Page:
Why did retired Judge Dennis Davis return to chair the Competition Appeal Court?

Judge Dennis Martin Davis. Picture Gary Van Wyk

Judge Dennis Martin Davis. Picture Gary Van Wyk

Published Dec 3, 2023


In a surprising turn of events, retired Judge Dennis Davis has returned from retirement to chair the Competition Appeal Court, leaving many to question the motives behind this unexpected comeback.

The spotlight intensifies as the court prepares to hear a complex case launched by the Competition Commission in 2017, revolving around allegations of collusion by South African and foreign banks in the New York foreign exchange market from 2007 to 2013.

The case, which alleges a “single overarching conspiracy” to manipulate the rand, has resurfaced, with the banks challenging the Competition Commission to prove that all 28 of them were part of this alleged scheme before proceeding.

The inclusion of several foreign banks with no presence in South Africa, alongside those with local branches and the country’s major domestic banking groups, adds layers of complexity to an already intricate legal battle.

The return of Judge Davis to preside over this case raises eyebrows and prompts a critical examination of the circumstances surrounding his recall. Is this a mere coincidence, or does it hint at a more calculated move?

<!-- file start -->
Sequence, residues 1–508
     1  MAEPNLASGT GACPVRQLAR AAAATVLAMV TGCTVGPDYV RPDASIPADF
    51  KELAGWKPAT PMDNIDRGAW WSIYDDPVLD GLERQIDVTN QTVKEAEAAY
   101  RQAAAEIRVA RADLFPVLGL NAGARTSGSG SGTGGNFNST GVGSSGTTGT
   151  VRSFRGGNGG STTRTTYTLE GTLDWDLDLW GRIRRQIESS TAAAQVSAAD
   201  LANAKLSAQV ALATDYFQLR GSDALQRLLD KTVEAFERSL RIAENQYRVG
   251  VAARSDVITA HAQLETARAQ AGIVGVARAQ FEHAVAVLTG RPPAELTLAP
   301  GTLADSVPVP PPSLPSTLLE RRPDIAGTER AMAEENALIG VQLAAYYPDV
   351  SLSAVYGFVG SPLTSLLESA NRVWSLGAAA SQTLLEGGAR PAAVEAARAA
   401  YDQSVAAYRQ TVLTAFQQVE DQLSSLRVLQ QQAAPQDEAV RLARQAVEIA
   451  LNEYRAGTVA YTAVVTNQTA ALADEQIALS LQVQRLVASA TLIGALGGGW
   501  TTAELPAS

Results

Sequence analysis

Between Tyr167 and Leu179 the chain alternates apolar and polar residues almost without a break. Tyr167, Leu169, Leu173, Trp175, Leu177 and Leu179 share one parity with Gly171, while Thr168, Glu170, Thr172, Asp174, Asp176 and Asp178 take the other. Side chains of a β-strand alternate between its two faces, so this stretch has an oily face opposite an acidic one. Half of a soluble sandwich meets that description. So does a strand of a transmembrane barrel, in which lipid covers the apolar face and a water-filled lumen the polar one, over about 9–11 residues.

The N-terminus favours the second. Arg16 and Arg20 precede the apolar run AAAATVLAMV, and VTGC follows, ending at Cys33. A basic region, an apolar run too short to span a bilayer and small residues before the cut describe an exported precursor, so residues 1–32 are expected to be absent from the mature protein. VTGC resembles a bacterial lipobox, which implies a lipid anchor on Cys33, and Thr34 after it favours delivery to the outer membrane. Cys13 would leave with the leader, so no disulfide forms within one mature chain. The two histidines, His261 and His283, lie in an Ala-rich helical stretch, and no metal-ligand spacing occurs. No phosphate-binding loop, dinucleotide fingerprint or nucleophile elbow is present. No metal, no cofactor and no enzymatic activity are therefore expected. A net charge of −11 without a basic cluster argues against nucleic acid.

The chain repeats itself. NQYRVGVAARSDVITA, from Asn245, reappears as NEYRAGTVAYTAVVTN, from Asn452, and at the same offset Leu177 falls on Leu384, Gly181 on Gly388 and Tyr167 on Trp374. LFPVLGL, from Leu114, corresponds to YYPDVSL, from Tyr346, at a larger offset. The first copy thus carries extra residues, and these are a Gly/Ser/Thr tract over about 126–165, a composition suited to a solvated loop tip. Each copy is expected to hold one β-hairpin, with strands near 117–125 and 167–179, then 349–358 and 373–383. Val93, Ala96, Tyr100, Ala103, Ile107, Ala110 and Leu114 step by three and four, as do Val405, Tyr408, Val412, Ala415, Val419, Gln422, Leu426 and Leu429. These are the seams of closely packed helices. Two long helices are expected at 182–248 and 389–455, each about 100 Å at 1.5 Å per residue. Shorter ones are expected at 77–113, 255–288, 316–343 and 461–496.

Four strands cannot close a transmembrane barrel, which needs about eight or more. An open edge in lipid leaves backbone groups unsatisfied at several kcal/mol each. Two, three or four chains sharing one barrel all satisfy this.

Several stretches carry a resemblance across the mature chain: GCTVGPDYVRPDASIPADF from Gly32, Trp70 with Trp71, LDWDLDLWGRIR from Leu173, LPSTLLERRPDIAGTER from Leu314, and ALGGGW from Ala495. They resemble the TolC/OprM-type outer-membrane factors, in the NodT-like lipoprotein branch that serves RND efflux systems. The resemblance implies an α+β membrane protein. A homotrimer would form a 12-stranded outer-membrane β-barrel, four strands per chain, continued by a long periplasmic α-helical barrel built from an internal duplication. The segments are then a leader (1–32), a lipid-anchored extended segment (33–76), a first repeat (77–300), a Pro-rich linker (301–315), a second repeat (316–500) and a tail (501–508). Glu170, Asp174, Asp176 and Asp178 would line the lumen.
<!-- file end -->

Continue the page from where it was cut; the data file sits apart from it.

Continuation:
The timing of his return, coupled with the nature of the accusations against the banks, fuels speculation about the motives behind this decision.

One of the primary concerns is the potential influence of the banking sector in orchestrating Judge Davis’s recall to ensure a favourable outcome for the accused institutions. The accusation of manipulating the rand is a serious charge that could have far-reaching consequences for the implicated banks.

Could the return of Judge Davis be a strategic move to navigate the legal intricacies in favour of the banks?

It’s crucial to acknowledge the need for a fair and impartial legal process. The public has a vested interest in ensuring that justice is served, and any perception of bias or undue influence undermines the integrity of the legal system.

Questions arise about the independence of the judiciary and whether Judge Davis’s connections or affiliations could compromise the objectivity required in such high-profile cases.

Additionally, the intricacies of the case, including the involvement of foreign banks with no local presence, add layers of complexity.

The legal arguments around the “single overarching conspiracy” demand meticulous scrutiny and an astute understanding of international financial dynamics. Judge Davis’s experience and expertise undoubtedly make him a valuable asset, but concerns linger about the potential impact of his past associations or relationships on the case.

As the legal proceedings unfold, it is imperative for all parties involved to uphold the principles of transparency, accountability, and justice.

The public deserves a thorough and unbiased examination of the allegations against the banks, free from any external influence that may compromise the integrity of the legal process.

The recall of Judge Davis to chair the Competition Appeal Court in the midst of the ongoing foreign exchange manipulation influences behind this decision case sparks legitimate questions about the motives.

As the legal proceedings continue, it is essential for the judiciary and legal practitioners to reassure the public of the impartiality and fairness of the process, ensuring that justice prevails regardless of the outcome.

* Adri Senekal de Wet is executive editor of Business Report

Sunday Independent